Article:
"What they [Iranians] should draw from this, again, is that we're going to defend our troops and our response will be thoughtful. It will be appropriate," Austin said. "We would hope that they would choose to do the right things," he added.

On Sunday, the U.S. military's Central Command, which oversees the wars in the Middle East, flew its fourth bomber deployment to the region.

The show of force mission included two B-52H Stratofortress bombers alongside aircraft from Israel, Saudi Arabia, and Qatar at different points to "deter aggression and reassure partners and allies of the U.S. military's commitment to security in the region."

Last month, Iran rejected an invitation from global powers who signed the 2015 nuclear deal to discuss the regime's potential return to the negotiating table, a significant setback in the Biden administration's efforts to revive the Joint Comprehensive Plan of Action, or JCPOA.

The White House said that the Biden administration was disappointed with Iran's decision to skip the informal meeting but would "reengage in meaningful diplomacy to achieve a mutual return to compliance with JCPOA commitments."

President of Iran, Hassan Rouhani speaks during the National Combat Board Meeting with Coronavirus (Covid-19) in Tehran, Iran on Nov. 21, 2020.Iranian Presidency Handout | Anadolu Agency | Getty Images

The Biden administration has previously said that it wants to revive the nuclear deal but won't suspend sanctions until Tehran comes back into compliance. Tehran has refused to negotiate while U.S. sanctions remain in place.

The 2015 JCPOA, brokered by the Obama administration, lifted sanctions on Iran that had crippled its economy and cut its oil exports roughly in half. In exchange for billions of dollars in sanctions relief, Iran agreed to dismantle some of its nuclear program and open its facilities to more extensive international inspections.

The U.S. and its European allies believe Iran has ambitions to develop a nuclear bomb. Tehran has denied that allegation.

In 2018, then-President Donald Trump kept a campaign promise and withdrew the United States from the JCPOA calling it the "worst deal ever." Following Washington's exit from the landmark nuclear deal, other signatories of the pact ⁠have tried to keep the agreement alive. 

Washington's tense relationship with Tehran took several turns for the worse under the Trump administration.

President Donald Trump speaks during a briefing on Hurricane Michael in the Oval Office of the White House in Washington, DC, October 10, 2018. Saul Loeb | AFP | Getty Images

Last year, the U.S. carried out an airstrike that killed Qasem Soleimani, Iran's top military commander. Iran retaliated by launching at least a dozen missiles from its territory on Jan. 7 at two military bases in Iraq that house U.S. troops and coalition forces.

A day later from the White House, Trump said that Iran appeared "to be standing down" and warned Tehran to abandon its nuclear ambitions.

On the heels of the deadly U.S. strike, Iranian Foreign Minister Javad Zarif said the Trump administration had committed an "act of terror."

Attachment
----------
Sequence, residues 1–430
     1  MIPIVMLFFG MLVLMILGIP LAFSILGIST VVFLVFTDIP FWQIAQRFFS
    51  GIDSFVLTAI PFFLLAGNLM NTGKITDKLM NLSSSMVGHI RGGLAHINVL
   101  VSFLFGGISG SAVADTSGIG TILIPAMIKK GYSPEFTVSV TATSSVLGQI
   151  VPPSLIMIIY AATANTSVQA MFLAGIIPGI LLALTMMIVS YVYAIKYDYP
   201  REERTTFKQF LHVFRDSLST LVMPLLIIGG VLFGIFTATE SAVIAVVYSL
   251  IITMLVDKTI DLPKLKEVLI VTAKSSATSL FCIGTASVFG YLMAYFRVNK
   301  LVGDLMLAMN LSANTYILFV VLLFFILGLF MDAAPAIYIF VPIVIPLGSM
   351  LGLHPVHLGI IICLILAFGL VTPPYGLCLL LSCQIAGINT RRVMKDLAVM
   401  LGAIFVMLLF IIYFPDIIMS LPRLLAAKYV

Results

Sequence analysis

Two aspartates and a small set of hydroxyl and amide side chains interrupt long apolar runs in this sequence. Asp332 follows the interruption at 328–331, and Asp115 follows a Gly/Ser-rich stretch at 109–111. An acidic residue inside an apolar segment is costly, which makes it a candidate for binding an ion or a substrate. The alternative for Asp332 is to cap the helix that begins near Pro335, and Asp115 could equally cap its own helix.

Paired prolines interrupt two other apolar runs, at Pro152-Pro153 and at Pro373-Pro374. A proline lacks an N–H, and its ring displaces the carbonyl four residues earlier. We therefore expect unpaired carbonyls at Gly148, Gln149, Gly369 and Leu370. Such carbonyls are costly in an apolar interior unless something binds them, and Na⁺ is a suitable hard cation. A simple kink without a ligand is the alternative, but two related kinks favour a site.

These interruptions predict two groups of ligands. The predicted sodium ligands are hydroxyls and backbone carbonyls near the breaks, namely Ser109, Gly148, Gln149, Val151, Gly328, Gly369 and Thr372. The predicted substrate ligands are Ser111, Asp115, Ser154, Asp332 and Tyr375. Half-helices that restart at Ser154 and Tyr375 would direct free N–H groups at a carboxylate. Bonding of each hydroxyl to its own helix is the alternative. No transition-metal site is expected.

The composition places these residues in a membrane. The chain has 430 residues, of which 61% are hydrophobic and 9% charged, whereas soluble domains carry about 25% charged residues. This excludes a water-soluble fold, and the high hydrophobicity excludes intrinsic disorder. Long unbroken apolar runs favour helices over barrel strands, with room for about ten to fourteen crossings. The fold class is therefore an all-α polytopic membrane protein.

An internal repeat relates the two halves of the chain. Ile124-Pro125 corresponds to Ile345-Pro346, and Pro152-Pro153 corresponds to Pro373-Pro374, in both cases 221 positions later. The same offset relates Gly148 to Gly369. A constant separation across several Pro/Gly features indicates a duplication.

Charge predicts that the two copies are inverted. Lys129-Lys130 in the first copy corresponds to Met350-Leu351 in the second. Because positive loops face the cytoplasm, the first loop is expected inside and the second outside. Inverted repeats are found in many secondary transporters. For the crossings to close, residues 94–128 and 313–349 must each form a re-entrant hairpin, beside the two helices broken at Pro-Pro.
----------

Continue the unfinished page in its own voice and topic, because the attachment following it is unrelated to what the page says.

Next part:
People gather to protest the US air strike in Iraq that killed Iranian commander Qasem Soleimani, who headed Iran's Revolutionary Guards' elite Quds force in Sanaa, Yemen on January 6, 2020.Mohammed Hamoud | Andalou Agency | Getty Images

Soleimani's death led the regime to further scale back compliance with the international nuclear pact. In January 2020, Iran said it would no longer limit its uranium enrichment capacity or nuclear research.

In October, the United States unilaterally re-imposed U.N. sanctions on Tehran through a snapback process, which other U.N. Security Council members have previously said Washington does not have the authority to execute because it withdrew from the nuclear deal in 2018.

A month later, a top Iranian nuclear scientist was assassinated near Tehran, which led Iran's government to allege that Israel was behind the attack with U.S. backing.

A view shows the scene of the attack that killed Prominent Iranian scientist Mohsen Fakhrizadeh, outside Tehran, Iran, November 27, 2020.WANA via Reuters

During the summer of 2019, a string of attacks in the Persian Gulf set the U.S. and Iran on a path toward greater confrontation.

In June 2019, U.S. officials said an Iranian surface-to-air missile shot down an American military surveillance drone over the Strait of Hormuz. Iran said the aircraft was over its territory. That strike came a week after the U.S. blamed Iran for attacks on two oil tankers in the Persian Gulf region and after four tankers were attacked in May.

The U.S. that June slapped new sanctions on Iranian military leaders blamed for shooting down the drone. The measures also aimed to block financial resources for Iran's Supreme Leader Ayatollah Khamenei.

Tensions soared again in September of 2019 when the U.S. blamed Iran for strikes in Saudi Arabia on the world's largest crude processing plant and oil field. The strikes forced the kingdom to shut down half of its production operations.

The event triggered the largest spike in crude prices in decades and renewed concerns of a budding conflict in the Middle East.

The Pentagon described the strikes on the Saudi Arabian oil facilities as "sophisticated" and represented a "dramatic escalation" in tensions within the region.

All the while, Iran maintains that it was not behind the attacks.

VIDEO1:0201:02Satellite photos show the attack damage to Saudi Aramco oil facilitiesNews Videos